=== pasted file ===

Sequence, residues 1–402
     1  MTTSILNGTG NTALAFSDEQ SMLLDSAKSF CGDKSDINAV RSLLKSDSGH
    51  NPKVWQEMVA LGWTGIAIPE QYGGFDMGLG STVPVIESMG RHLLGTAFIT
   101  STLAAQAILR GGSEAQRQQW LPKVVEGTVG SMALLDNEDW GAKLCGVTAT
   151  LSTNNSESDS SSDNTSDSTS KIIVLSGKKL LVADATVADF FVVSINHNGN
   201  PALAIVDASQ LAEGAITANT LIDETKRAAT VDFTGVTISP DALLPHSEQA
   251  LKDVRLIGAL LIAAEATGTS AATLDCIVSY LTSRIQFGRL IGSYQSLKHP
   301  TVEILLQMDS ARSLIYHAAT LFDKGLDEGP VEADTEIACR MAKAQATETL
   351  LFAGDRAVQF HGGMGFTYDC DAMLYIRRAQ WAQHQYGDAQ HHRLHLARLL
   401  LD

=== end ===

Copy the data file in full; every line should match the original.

Sequence, residues 1–402
     1  MTTSILNGTG NTALAFSDEQ SMLLDSAKSF CGDKSDINAV RSLLKSDSGH
    51  NPKVWQEMVA LGWTGIAIPE QYGGFDMGLG STVPVIESMG RHLLGTAFIT
   101  STLAAQAILR GGSEAQRQQW LPKVVEGTVG SMALLDNEDW GAKLCGVTAT
   151  LSTNNSESDS SSDNTSDSTS KIIVLSGKKL LVADATVADF FVVSINHNGN
   201  PALAIVDASQ LAEGAITANT LIDETKRAAT VDFTGVTISP DALLPHSEQA
   251  LKDVRLIGAL LIAAEATGTS AATLDCIVSY LTSRIQFGRL IGSYQSLKHP
   301  TVEILLQMDS ARSLIYHAAT LFDKGLDEGP VEADTEIACR MAKAQATETL
   351  LFAGDRAVQF HGGMGFTYDC DAMLYIRRAQ WAQHQYGDAQ HHRLHLARLL
   401  LD